Tale of the Converted: How Complex Social Problems Have Made Me Question the Use of Data in Driving Impact
In practice the way in which research impacts and influences policy and society is often thought to be a rational, ordered and linear process. Whilst this might represent a ‘common sense’ understanding of research impact, this post reflects on how upending the primacy of data and embracing complexity can lead to a more nuanced and effective understanding of research impact.
Can We Assess the Wider Effects of Public Engagement?
The extent to which researchers can assess the impact of their public engagement is often under-analysed and limited to success stories. Drawing on the example of development aid, it is argued that we need to widen the parameters for assessing public engagement.
Trust and Mistrust in Americans' Views of Scientific Experts
Public confidence in scientists is on the upswing, and six-in-ten Americans say scientists should play an active role in policy debates about scientific issues, according to a new Pew Research Center survey.
Significant Economic Benefits? Enhancing the Impact of Open Science for Knowledge Users
In this post it is discussed how open research can lead to economic benefits. The author suggests that future open research policies should focus on developing research discovery, translation and the capacity for research utilisation outside of the academy.
Universities Earned Just $75 Million from IP in 2017, but Spent $5.7 Billion on R&D
Canada’s top universities and research institutes spent $5.7 billion on research and development (R&D), but generated less than $75 million from licensing their innovations in 2017. That’s an average return on investment of 1.3 per cent.
Rethinking Impact Factors: New Pathways in Journal Metrics
Diversity, transparency, and reliability are essential principles to ensure that a proliferation of metrics does not distort the scholarly communication system, but leads to more granular and transparent assessments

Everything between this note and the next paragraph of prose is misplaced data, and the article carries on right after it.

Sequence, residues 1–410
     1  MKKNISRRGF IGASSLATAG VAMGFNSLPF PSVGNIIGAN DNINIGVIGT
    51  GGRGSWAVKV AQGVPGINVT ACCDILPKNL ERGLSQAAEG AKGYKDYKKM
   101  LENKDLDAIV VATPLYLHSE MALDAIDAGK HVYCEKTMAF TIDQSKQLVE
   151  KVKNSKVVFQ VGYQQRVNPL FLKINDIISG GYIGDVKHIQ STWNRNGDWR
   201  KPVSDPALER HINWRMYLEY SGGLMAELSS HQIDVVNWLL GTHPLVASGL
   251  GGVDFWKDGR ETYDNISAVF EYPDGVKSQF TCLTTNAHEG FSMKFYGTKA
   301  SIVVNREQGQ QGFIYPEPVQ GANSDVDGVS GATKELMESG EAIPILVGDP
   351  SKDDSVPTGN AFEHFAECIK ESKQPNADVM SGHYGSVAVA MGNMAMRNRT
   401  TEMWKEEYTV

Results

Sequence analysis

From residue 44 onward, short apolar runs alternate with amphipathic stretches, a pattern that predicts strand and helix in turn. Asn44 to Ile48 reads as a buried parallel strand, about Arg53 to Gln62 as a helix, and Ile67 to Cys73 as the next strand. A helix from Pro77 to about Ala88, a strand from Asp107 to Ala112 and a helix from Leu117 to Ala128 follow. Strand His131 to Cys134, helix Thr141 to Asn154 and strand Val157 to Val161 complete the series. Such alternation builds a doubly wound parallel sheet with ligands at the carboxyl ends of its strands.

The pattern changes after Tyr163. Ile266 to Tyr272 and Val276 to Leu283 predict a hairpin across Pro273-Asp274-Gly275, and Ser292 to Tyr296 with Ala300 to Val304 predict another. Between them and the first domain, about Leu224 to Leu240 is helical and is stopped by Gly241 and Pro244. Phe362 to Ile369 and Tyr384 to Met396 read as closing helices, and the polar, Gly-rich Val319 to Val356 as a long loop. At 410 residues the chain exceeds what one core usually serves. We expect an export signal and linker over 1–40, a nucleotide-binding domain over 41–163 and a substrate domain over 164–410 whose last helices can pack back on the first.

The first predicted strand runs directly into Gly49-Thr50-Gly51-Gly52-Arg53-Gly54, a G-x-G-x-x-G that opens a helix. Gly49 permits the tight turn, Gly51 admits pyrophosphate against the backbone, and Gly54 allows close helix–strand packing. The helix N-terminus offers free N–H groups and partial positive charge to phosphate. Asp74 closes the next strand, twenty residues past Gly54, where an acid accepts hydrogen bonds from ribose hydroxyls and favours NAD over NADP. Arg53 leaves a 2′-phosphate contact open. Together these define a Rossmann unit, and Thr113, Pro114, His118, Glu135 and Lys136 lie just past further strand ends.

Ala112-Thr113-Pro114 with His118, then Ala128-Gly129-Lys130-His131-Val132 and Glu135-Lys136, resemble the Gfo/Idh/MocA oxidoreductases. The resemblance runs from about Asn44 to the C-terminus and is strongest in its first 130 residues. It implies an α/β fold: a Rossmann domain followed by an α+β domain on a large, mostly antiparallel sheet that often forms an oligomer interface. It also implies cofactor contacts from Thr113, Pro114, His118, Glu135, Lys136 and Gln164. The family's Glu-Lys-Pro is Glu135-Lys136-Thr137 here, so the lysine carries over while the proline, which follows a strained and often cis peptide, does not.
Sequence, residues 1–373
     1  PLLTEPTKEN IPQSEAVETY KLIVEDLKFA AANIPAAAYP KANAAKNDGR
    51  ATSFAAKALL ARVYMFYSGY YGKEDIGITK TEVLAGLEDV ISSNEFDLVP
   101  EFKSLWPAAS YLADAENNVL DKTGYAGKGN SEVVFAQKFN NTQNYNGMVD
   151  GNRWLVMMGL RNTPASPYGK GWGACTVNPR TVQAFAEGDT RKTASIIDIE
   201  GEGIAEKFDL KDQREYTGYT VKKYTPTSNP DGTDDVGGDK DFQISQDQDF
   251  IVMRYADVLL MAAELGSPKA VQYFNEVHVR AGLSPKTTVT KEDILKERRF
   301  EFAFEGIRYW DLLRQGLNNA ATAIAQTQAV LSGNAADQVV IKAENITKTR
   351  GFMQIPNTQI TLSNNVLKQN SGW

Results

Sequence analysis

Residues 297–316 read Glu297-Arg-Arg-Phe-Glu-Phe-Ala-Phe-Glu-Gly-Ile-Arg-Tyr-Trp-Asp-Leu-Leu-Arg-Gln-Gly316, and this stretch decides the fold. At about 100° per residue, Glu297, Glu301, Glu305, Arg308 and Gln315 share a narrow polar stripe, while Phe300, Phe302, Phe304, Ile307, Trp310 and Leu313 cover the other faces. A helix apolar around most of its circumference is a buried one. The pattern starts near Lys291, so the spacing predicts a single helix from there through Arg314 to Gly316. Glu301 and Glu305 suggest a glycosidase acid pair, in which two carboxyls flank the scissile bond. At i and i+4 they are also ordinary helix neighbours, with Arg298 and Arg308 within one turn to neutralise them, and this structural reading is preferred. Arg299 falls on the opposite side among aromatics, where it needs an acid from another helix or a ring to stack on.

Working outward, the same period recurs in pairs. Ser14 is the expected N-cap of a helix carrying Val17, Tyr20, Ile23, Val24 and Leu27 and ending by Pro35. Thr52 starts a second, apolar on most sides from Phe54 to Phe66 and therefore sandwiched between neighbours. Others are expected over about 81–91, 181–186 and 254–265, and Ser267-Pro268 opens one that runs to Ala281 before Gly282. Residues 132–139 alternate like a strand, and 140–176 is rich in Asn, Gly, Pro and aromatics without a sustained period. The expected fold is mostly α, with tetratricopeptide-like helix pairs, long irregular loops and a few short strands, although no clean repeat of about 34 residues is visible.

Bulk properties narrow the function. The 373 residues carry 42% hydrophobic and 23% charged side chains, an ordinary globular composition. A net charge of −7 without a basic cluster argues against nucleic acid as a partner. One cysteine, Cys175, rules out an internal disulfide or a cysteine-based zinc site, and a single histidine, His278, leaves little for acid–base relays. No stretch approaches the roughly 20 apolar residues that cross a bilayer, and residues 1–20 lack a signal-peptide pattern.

The "Impact" of the Journal Impact Factor in the Review, Tenure, and Promotion Process
The Journal Impact Factor has been widely critiqued as a measure of individual academic performance. However, it is unclear whether these criticisms and high profile declarations, such as DORA, have led to significant cultural change.
Impact of Social Sciences and Humanities for a European Research Agenda
The idea of the conference is to bring to the fore the impact contributions of social sciences and humanities (SSH) research to transformative national and European research and innovation agendas, as well as to openly reflect on and structurally discuss the topic. Due to the huge interest in the conference and limited seating, a live-streaming of the main sessions of the conference on both conference days is offered.
The New, Younger Generation of Scientists Is Much More Open to Dialogue With Society
A new generation of scientists is confounding expectations and proving much more willing to engage with the public, not only because it benefits their development as researchers but also out of a sense of duty to society and a desire to have a positive impact on public perceptions of science.
High-Impact and Transformative Science Metrics: Definition, Exemplification, and Comparison
A novel set of text- and citation-based metrics that can be used to identify high-impact and transformative works. The 11 metrics can be grouped into seven types: Radical-Generative, Radical-Destructive, Risky, Multidisciplinary, Wide Impact, Growing Impact, and Impact (overall).
Scientists on Twitter: Preaching to the Choir or Singing from the Rooftops?
Asking whether Twitter allows scientists to promote their findings primarily to other scientists ("inreach"), or whether it can help them reach broader, non-scientific audiences ("outreach"). Results should encourage scientists to invest in building a social media presence for scientific outreach.
Does Bibliometric Research Confer Legitimacy to Research Assessment Practice? a Sociological Study of Reputational Control, 1972-2016
A growing gap exists between an academic sector with little capacity for collective action and increasing demand for routine performance assessment by research organizations and funding agencies. This gap has been filled by database providers. By selecting and distributing research metrics, these commercial providers have gained a powerful role in defining de-facto standards of research excellence without being challenged by expert authority.